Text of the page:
[fusion_dropcap boxed=”no” boxed_radius=”” class=”” id=”” color=””]I[/fusion_dropcap]n Oregon’s workers compensation system, insurers and self-insured employers rely on so called independent medical evaluators (IME’s). These are doctors, usually retired from the normal practice of taking care of people, who evaluate injured workers. These doctors provide opinions regarding the compensability (work relatedness) of claims and evaluate the disability that is a consequence of the injury. They are paid for by the carrier.
As you might suspect the opinions they provide are frequently favorable for the defense, and rarely for the worker.
In Oregon, the insurer or self-insured then makes a decision. The worker is allowed to challenge that decision with the case ending up before a neutral Administrative Law Judge. Although the law is skewed toward employers and these doctors are skewed toward employers the worker has a fair forum for the dispute.
Here is an example of a state where that is not true. In Kentucky, the legislature is doing their best to deprive coal miners of benefits, by skewing the law the doctors and the forum against the coal miners. Since coal miners are entitled to federal money as well (Black Lung benefits administered by the Social Security Administration) these people are being deprived of two sets of benefits. (SEE ARTICLE BELOW)
We need to be very careful when industry and/or government tell us that benefits should be reduced or denied, or safety precautions reduced to provide more jobs. There is always a real cost for those reductions, always borne by the people who were injured.
As Black Lung Strikes Younger Coal Miners, Kentucky Restricts Medical Benefits.
Coal is getting harder to get to—and that’s contributing to a respiratory epidemic among miners.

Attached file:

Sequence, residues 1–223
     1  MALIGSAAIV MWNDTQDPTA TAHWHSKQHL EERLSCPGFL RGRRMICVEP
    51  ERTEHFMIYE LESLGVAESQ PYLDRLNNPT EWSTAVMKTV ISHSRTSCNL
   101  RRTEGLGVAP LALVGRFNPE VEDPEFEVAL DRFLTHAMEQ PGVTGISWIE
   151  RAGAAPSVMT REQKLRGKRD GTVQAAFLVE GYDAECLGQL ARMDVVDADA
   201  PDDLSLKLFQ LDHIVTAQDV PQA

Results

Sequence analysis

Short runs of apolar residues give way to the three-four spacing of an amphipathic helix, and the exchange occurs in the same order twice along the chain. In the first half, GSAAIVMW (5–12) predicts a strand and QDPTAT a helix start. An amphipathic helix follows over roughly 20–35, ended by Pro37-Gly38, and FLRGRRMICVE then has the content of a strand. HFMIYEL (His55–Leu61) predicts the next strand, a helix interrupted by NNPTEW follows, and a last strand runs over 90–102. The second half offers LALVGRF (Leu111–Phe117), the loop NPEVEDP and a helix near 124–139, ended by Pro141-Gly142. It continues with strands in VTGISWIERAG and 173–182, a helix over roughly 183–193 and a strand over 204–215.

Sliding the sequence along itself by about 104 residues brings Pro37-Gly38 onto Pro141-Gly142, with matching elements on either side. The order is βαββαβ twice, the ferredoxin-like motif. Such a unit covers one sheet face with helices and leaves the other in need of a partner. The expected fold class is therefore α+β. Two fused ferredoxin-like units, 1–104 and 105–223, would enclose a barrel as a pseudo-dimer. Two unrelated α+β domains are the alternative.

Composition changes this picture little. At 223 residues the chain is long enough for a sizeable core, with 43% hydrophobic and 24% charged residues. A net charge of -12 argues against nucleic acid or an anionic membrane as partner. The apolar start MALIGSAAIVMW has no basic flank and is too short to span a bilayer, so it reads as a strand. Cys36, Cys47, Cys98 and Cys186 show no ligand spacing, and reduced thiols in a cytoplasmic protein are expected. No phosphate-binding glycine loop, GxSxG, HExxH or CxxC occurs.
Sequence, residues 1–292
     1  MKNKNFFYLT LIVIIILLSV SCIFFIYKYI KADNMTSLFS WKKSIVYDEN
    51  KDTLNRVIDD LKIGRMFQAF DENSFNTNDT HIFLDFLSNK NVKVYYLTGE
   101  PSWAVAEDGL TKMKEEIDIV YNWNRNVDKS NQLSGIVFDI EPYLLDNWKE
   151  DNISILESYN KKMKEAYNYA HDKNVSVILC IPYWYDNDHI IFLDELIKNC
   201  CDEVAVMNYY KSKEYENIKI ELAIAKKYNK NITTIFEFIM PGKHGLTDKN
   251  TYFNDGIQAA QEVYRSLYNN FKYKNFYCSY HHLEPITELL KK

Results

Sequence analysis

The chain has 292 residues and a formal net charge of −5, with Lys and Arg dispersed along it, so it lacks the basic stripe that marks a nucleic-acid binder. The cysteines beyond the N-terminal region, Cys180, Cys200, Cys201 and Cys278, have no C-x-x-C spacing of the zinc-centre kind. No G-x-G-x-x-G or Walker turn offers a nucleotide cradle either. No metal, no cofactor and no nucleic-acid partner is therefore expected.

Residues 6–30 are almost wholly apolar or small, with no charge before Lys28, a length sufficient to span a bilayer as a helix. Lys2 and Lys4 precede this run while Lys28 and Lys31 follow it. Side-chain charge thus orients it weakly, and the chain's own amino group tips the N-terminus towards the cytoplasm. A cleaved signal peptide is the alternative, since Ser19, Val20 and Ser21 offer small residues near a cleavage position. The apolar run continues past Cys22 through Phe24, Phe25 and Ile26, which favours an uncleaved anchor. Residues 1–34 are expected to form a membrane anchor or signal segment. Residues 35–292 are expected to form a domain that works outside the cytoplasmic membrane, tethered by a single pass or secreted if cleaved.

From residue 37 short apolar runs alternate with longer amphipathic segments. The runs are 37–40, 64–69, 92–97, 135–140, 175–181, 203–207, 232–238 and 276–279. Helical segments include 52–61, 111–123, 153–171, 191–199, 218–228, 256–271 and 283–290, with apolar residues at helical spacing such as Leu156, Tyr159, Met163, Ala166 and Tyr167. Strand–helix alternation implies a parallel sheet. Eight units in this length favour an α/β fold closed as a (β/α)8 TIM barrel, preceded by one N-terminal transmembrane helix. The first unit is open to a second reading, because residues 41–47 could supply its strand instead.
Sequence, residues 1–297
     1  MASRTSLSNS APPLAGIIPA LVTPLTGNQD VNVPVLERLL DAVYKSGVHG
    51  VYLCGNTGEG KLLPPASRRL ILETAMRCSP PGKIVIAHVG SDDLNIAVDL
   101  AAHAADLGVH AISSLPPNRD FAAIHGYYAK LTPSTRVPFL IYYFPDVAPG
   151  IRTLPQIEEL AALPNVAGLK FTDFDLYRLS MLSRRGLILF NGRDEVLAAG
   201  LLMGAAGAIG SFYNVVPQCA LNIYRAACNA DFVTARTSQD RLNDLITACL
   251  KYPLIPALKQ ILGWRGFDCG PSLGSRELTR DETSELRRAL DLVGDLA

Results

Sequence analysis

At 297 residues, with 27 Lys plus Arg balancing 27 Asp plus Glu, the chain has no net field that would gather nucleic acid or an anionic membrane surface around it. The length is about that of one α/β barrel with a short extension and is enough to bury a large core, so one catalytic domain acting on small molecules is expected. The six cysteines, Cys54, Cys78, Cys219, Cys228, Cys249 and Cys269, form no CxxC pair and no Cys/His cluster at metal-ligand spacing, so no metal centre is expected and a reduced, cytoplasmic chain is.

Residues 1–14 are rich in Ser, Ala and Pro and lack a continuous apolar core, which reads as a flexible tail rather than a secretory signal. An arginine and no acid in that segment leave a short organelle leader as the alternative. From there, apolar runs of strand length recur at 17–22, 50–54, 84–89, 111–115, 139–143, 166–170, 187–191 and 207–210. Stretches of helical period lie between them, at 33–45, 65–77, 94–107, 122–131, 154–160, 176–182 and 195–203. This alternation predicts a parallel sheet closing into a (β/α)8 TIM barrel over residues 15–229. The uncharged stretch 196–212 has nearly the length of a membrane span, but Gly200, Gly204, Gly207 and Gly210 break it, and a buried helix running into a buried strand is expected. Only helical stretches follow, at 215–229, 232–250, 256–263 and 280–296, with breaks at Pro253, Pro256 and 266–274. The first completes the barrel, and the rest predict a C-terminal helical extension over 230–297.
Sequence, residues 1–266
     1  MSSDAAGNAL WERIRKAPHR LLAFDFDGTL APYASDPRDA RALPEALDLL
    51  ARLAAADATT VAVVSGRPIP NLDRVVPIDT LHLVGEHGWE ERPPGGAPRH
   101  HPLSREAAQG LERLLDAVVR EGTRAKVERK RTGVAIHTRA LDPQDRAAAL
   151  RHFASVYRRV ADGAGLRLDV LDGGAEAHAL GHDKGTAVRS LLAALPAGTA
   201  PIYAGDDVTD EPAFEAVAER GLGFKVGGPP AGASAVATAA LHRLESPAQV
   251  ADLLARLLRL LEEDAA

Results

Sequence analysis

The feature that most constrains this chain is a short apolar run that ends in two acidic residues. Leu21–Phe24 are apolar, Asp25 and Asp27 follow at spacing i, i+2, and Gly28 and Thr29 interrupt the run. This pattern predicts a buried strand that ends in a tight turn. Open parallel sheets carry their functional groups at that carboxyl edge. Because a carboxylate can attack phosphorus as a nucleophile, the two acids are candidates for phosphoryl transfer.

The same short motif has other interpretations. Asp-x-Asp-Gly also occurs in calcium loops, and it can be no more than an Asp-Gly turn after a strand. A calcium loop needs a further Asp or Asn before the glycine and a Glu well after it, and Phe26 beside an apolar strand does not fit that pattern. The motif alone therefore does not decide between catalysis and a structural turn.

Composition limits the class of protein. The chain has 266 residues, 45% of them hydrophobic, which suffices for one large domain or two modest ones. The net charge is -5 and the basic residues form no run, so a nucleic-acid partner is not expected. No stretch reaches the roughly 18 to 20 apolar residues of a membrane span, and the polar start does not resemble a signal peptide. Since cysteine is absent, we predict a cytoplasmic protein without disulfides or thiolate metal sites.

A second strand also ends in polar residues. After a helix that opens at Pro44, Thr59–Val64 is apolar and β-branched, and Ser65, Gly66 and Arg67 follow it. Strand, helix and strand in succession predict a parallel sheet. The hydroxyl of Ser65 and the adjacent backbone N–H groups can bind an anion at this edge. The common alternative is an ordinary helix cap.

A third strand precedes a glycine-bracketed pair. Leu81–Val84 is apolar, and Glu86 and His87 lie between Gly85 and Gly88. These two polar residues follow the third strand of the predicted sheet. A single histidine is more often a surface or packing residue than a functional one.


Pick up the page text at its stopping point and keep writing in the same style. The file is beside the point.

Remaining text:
By Austyn Gaffney | nrdc.org
Brandon Crum was a fourth-generation coal miner. As a teenager, he spent his summers, holidays, and weekends working in the coal fields of eastern Kentucky. “I was raised with it,” says Crum. “My grandfather and my father were mine operators. From the time I was six I’ve been riding in bulldozers and cutting machines and scoops.”
He left mining at 21, but Crum didn’t stray too far from his roots. For the past 16 years, he’s been a radiologist and “B reader,” which means he is certified to evaluate chest X-rays for pneumoconiosis, or black lung, a debilitating respiratory disease. Caused by long-term exposure to coal mine dust, black lung is fairly common in coal miners in their sixties and seventies. Crum’s grandfather died from it, and his father has it, too. But in 2014, Crum began noticing a spike in severe black lung cases—and he was seeing them in younger and younger coal workers.
He contacted the National Institute for Occupational Safety and Health (NIOSH), which studied the X-rays of Crum’s patients. After multiple B readers in the region confirmed the diagnoses, Crum and NIOSH published their findings in December 2016. Continued research led NIOSH to conclude that one in five coal miners in central Appalachia has black lung. Even more shocking, one in twenty suffers from progressive massive fibrosis, the most severe form of the disease. Together, Crum and NIOSH uncovered the story of a fatal epidemic in Appalachia’s coal country.
“If one in five people who worked as nurses ended up with an incurable, chronic disease, people would lose their minds. In any other work this would be completely unacceptable,” says Evan Smith, an attorney for the Appalachian Citizens Law Center in Whitesburg, Kentucky. “It’s scary. It’s an incurable disease that will eventually lead to these people suffocating to death.”